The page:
Puppy Leash Training
Posted by Dr. Roth on
The toughest decision pet parents have to make when getting a puppy is choosing one. Pet parents wanting to adopt a puppy may spend a lot of time wondering, "What kind of puppy should I get?"
All puppies are adorable and difficult for pet parents to resist. However, puppies grow up to become dogs, and every dog breed has specific physical and psychological needs that must be met. Before choosing a puppy, considering the following can help pet parents narrow down what dog breed is perfect for their lifestyle.
Before getting a puppy, pet parents should evaluate their life and goals. Puppies are a long-term commitment, and pet parents should be prepared to have the dog for 10 to 15 years.
Many pet parents have a lot of responsibilities. Before adding another 15-year commitment, they should write down all of their current obligations, such as:
Dogs are pack animals, meaning they don't like to be alone. Some pet parents adopt several dogs for company, but multiple dogs mean bigger messes. Dogs view pet parents as the pack's alphas and want to be with them, so they may still become destructive when left alone for too long.
To make sure a pet parent has enough time to spend with their dog, they should write down ways to incorporate the dog into their daily life. Puppies and dogs need exercise and training, and puppies require a lot of extra play and training time.
In addition to current commitments, consider 10 and 15-year goals and whether a new puppy fits into those goals.
Puppies are a lot of fun, but they're also a lot of work and not a great option for everyone. There are many adult and senior dogs in need of a good home. Some pet parents may think an older dog won't be as loyal as a puppy they've raised and that "you can't teach an old dog new tricks." This is entirely wrong. There are many benefits to adopting an adult or senior dog. Most are:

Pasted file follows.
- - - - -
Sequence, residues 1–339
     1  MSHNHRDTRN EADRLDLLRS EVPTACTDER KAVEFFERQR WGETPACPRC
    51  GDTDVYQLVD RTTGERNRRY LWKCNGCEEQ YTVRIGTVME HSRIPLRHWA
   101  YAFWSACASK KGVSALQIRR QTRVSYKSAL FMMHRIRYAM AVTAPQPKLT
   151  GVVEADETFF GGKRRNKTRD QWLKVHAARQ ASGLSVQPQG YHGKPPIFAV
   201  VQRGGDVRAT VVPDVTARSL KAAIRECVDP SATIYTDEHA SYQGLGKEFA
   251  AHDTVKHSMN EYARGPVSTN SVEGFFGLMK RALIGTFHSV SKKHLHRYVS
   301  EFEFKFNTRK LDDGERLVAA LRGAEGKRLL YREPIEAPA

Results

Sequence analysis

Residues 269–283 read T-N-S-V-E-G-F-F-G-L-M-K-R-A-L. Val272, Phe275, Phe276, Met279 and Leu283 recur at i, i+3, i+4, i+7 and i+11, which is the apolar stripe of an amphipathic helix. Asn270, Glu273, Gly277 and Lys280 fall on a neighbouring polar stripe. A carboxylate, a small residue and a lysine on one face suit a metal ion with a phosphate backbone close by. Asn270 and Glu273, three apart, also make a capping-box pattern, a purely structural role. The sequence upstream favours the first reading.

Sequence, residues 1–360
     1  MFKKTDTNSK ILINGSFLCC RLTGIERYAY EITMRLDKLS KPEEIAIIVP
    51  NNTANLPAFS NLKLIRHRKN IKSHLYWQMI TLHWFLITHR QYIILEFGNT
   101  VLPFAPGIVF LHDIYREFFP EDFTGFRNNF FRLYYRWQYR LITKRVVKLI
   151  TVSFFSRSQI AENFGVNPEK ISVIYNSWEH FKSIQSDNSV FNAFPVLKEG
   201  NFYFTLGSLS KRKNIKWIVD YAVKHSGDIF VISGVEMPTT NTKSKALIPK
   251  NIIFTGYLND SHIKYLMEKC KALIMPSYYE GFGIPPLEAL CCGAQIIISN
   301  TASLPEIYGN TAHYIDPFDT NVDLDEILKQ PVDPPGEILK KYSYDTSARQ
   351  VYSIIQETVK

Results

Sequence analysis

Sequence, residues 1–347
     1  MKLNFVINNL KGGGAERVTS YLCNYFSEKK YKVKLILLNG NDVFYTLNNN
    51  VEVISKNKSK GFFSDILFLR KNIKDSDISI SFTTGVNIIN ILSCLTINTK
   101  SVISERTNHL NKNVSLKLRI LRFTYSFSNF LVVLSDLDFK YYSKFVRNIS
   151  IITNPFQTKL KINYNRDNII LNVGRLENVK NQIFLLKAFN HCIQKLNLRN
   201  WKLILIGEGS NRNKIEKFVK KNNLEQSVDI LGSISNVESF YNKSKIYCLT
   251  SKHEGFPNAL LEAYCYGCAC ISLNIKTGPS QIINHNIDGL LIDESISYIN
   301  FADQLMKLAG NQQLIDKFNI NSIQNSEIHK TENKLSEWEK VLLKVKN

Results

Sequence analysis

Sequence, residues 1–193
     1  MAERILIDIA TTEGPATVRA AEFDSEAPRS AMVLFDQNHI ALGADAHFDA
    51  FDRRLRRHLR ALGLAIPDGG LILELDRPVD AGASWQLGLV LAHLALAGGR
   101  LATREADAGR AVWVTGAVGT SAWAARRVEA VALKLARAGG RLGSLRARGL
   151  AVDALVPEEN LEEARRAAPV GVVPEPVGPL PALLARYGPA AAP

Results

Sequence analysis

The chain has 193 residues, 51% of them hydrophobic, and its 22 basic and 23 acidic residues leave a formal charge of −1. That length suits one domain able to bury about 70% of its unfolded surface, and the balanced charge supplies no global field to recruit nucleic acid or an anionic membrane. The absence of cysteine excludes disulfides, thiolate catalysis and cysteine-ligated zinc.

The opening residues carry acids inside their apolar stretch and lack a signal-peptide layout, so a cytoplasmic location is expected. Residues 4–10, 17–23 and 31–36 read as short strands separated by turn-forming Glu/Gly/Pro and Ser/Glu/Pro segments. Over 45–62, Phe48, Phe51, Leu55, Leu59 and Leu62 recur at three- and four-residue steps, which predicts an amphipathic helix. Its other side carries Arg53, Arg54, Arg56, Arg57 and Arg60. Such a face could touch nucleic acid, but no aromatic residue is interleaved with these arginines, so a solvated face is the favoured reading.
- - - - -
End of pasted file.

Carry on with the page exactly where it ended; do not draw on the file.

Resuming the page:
Dogs and puppies can be expensive. Adopting purebred dogs from a breeder can cost hundreds to thousands of dollars. Also, puppies require several vet visits for vaccine boosters and dewormers until they're a year old. Some dog breeds are more prone to health problems and may require more visits to monitor their growth and health. Other costs pet parents need to budget for are:
Large dogs and small living quarters may not mix. Pet parents should consider how much space their dog will need, and yard size should also be considered. If the pet parents don't have a yard, the dog will have to spend more time inside and need more indoor space and toys. Pet parents will also need to plan time to take their dog on several walks throughout the day.
Knowing what size the pet parent is looking for will help narrow down the plethora of breeds. A few breed considerations pet parents should think about are:
Some dogs are great with kids and other pets, while others aren't. Pet parents will need to find a dog or puppy whose personality fits the rest of the household. If they currently live alone, they should consider their future plans.
Many pet parents may not have a preference. However, in a multidog household, the sex of a new addition may matter to the other dog. Also, pet parents should plan to spay or neuter their new puppy or dog to prevent any surprise additions to the family.
After some exhausting due diligence, a pet parent will be ready to find their perfect puppy or dog. Before adopting, pet parents should also make a list of puppy questions to ask the breeder or shelter such as dog parent health testing, socialization, vaccinations, and breeding history. A responsible breeder or foster will be able to provide the pet parent with a lot of valuable information.